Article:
Relaxation times in an open interacting two-qubit system

Relaxation times in an open interacting two-qubit system

Y. Dubi and M. Di Ventra Department of Physics, University of California San Diego, La Jolla, California 92093-0319, USA
Abstract

In a two-qubit system the coupling with an environment affects considerably the entanglement dynamics, and usually leads to the loss of entanglement within a finite time. Since entanglement is a key feature in the application of such systems to quantum information processing, it is highly desirable to find a way to prolonging its lifetime. We present a simple model of an interacting two-qubit system in the presence of a thermal Markovian environment. The qubits are modeled as interacting spin- particles in a magnetic field and the environment is limited to inducing single spin-flip events. A simple scheme allows us to calculate the relaxation rates for all processes. We show that the relaxation dynamics of the most entangled state exhibit critical slowing down as a function of the magnetic field, where the relaxation rate changes from exponentially small values to finite values in the zero-temperature limit. We study the effect of temperature and magnetic field on all the other relaxation rates and find that they exhibit unusual properties, such as non-monotonic dependence on temperature and a discontinuity as a function of magnetic field. In addition, a simple scheme to include non-Markovian effects is presented and applied to the two-qubit model. We find that the relaxation rates exhibit a sharp, cusp-like resonant structure as a function of the environment memory-time, and that for long memory-times all the different relaxation rates merge into a single one.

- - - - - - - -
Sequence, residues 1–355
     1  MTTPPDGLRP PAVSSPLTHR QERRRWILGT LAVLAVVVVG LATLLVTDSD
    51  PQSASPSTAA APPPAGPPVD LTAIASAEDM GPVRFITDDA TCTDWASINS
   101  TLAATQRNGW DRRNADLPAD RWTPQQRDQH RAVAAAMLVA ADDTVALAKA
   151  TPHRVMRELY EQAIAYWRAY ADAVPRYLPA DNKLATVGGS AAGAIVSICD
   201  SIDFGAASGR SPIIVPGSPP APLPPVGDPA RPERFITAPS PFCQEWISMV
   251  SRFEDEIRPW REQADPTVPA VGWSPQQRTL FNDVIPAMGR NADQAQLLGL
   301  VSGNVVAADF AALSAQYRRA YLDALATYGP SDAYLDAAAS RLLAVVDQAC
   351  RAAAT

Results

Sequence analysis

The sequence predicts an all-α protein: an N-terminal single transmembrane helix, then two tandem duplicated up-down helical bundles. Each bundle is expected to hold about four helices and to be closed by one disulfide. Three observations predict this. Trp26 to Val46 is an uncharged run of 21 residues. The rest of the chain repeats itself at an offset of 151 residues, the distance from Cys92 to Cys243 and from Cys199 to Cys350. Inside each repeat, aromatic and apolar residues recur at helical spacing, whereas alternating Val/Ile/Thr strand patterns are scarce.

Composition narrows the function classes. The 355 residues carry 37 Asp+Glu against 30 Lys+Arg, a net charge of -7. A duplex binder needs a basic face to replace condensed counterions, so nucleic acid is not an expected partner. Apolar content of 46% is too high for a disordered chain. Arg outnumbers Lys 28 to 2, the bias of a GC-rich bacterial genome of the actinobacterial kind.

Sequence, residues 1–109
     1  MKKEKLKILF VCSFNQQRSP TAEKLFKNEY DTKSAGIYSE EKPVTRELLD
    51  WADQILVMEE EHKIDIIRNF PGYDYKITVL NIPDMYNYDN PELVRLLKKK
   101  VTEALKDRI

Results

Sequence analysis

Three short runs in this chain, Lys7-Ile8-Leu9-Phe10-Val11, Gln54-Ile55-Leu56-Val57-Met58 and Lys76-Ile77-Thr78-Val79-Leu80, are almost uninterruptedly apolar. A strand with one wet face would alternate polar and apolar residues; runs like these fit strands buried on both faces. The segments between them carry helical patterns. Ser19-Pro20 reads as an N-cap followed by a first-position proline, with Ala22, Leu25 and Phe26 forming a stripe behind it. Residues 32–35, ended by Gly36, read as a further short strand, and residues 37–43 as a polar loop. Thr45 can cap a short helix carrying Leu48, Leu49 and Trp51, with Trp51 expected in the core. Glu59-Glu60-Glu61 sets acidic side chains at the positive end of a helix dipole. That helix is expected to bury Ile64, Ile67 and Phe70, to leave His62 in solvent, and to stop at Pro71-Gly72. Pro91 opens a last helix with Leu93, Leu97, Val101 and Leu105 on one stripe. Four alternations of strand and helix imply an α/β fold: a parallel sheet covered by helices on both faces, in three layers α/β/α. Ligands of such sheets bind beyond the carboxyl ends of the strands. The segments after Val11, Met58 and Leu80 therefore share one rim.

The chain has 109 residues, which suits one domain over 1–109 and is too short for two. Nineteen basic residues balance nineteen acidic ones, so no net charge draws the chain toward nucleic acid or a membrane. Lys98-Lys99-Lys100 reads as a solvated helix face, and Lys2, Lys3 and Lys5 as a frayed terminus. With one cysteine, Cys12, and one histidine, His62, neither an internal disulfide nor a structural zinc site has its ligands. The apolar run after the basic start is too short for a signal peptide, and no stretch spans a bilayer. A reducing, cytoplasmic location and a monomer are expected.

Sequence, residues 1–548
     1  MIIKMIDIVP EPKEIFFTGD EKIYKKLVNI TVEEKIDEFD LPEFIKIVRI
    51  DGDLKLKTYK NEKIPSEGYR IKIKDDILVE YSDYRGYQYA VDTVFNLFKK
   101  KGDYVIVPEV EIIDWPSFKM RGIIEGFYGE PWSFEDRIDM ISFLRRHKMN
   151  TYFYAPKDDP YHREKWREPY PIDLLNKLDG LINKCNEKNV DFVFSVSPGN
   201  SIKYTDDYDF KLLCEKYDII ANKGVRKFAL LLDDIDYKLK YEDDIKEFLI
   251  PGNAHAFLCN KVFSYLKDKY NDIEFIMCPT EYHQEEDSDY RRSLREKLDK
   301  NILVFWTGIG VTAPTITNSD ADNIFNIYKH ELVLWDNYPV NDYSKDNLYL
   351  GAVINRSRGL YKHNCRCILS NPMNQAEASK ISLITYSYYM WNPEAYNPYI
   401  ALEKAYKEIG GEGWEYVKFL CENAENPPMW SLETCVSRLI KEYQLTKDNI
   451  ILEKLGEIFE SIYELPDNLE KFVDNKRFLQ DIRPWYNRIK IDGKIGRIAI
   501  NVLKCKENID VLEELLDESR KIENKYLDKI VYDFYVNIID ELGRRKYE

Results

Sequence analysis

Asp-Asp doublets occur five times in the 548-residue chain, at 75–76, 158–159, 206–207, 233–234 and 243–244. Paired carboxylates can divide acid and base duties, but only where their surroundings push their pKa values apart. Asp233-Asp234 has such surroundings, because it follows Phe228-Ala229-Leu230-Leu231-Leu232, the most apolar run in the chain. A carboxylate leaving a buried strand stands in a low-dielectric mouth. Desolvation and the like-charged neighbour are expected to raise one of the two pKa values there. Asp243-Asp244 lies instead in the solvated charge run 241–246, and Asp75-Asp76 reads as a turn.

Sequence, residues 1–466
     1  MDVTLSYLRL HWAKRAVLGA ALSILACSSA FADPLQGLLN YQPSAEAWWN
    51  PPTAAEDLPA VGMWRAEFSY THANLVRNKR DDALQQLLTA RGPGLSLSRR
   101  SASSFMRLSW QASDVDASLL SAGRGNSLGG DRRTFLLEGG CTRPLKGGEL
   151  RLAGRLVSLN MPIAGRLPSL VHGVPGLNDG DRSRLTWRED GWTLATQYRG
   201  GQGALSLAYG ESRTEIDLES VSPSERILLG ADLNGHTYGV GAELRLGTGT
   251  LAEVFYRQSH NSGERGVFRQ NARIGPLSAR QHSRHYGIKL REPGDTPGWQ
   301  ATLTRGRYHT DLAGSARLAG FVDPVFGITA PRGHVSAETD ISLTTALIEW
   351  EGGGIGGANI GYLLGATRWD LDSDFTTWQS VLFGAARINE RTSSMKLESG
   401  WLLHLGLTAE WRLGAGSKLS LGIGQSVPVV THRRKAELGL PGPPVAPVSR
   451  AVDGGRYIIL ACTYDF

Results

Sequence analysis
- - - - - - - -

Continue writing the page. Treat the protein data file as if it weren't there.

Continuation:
pacs:
pacs:
03.67.Mn, 03.65.Yz, 03.65.Ud, 42.50.Lc

I Introduction